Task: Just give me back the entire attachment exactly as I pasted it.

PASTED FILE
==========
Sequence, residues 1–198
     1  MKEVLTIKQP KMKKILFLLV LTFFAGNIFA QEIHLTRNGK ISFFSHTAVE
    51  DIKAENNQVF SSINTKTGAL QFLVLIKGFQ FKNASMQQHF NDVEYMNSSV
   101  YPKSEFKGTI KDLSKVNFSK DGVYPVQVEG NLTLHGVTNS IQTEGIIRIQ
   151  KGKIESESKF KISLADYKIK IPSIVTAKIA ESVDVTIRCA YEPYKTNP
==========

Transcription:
Sequence, residues 1–198
     1  MKEVLTIKQP KMKKILFLLV LTFFAGNIFA QEIHLTRNGK ISFFSHTAVE
    51  DIKAENNQVF SSINTKTGAL QFLVLIKGFQ FKNASMQQHF NDVEYMNSSV
   101  YPKSEFKGTI KDLSKVNFSK DGVYPVQVEG NLTLHGVTNS IQTEGIIRIQ
   151  KGKIESESKF KISLADYKIK IPSIVTAKIA ESVDVTIRCA YEPYKTNP